In the previous post I talked about how I see a limited number of player approaches and GM approaches that can work. I just skimmed a thread on ENworld which talks about terrible "sandbox" experiences - in short, there's either a bunch of players who are trying to play in a sandbox, but the GM is unable to provide it or the GM is providing a sandbox but the players are clueless as to how to act in it, resulting in a failed game because of mismatched expectations of how to play. So that's the compatibility problem.
You could look at that stuff and figure out what the GM is supposed to do and what the players are supposed to do so the thing comes together. Everyone at the table has a role to play - one above and beyond the usual role of a cyborg or elf or what have you. Let's call that a "job", even though the term is abhorrent in relation to gaming. So let's say there's only a few combinations of "jobs" that work. For a so-called sandbox, the GM has to do her job and the players theirs.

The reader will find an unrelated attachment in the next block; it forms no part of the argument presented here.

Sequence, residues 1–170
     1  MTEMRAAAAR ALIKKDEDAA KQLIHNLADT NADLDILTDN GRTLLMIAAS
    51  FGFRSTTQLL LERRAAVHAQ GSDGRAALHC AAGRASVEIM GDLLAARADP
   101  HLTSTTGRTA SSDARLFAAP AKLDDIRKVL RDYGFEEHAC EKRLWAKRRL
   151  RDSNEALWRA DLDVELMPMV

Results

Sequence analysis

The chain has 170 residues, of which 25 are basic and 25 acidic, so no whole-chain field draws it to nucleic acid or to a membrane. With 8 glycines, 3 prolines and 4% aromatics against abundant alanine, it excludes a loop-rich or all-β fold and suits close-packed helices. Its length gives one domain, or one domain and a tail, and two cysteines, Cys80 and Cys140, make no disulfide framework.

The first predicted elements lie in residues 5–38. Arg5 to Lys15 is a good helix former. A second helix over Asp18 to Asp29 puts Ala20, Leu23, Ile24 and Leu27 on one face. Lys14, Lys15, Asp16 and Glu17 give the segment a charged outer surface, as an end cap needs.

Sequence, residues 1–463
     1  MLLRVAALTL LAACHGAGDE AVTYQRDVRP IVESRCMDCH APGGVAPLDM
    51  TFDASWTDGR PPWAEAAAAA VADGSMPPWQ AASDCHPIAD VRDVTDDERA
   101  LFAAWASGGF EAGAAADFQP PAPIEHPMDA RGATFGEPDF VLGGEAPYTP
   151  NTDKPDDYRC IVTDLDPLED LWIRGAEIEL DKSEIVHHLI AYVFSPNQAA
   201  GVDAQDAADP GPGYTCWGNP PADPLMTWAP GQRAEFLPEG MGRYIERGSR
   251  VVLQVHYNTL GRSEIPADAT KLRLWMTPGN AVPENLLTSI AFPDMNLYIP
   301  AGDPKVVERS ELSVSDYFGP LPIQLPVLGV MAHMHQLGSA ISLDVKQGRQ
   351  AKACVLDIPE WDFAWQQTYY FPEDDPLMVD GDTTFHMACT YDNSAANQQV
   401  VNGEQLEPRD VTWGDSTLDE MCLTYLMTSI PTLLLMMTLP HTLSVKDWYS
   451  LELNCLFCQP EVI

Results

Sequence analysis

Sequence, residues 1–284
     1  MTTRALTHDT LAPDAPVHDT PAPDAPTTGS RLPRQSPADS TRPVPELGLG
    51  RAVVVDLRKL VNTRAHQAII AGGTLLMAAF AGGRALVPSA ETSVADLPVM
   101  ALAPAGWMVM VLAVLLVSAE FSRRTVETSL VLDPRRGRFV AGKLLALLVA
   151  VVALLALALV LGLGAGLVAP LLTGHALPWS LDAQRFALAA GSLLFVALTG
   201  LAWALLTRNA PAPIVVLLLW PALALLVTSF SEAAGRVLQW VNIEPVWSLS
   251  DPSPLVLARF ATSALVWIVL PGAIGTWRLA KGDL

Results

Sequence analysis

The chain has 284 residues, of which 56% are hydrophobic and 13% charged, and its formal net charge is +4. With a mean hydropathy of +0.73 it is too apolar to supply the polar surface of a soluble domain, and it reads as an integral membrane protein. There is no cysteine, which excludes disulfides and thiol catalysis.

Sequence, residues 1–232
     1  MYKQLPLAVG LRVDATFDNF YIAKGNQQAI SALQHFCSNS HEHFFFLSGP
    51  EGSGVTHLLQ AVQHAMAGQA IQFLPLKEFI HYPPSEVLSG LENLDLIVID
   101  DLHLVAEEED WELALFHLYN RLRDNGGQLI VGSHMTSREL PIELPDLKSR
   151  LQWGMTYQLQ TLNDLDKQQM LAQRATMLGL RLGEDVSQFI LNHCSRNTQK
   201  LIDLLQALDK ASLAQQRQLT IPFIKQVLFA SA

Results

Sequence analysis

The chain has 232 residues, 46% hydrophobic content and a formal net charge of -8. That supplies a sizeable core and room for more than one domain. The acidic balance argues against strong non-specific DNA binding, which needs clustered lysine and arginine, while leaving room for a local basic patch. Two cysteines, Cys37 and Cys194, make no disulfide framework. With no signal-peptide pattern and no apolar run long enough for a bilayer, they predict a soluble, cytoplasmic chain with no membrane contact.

You can kinda see that in the "The MC, a GM" post where I tried to show that the DM's job description in an oldschool D&D game and the MC's job description in Apocalypse World were in fact very very similar. They serve different ends, with different agendas, but the hands-on stuff is almost identical. This also goes back at least to that MS Paint brainfart post almost a year ago (wow, has it really been that long).
Next post, we get down to those practices.